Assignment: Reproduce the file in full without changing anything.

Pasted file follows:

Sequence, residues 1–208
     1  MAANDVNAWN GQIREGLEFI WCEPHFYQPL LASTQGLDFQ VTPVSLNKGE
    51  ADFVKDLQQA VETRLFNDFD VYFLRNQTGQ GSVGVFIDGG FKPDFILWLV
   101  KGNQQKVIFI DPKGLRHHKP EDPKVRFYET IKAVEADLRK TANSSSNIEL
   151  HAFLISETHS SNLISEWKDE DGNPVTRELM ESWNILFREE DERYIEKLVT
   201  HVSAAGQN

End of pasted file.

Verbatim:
Sequence, residues 1–208
     1  MAANDVNAWN GQIREGLEFI WCEPHFYQPL LASTQGLDFQ VTPVSLNKGE
    51  ADFVKDLQQA VETRLFNDFD VYFLRNQTGQ GSVGVFIDGG FKPDFILWLV
   101  KGNQQKVIFI DPKGLRHHKP EDPKVRFYET IKAVEADLRK TANSSSNIEL
   151  HAFLISETHS SNLISEWKDE DGNPVTRELM ESWNILFREE DERYIEKLVT
   201  HVSAAGQN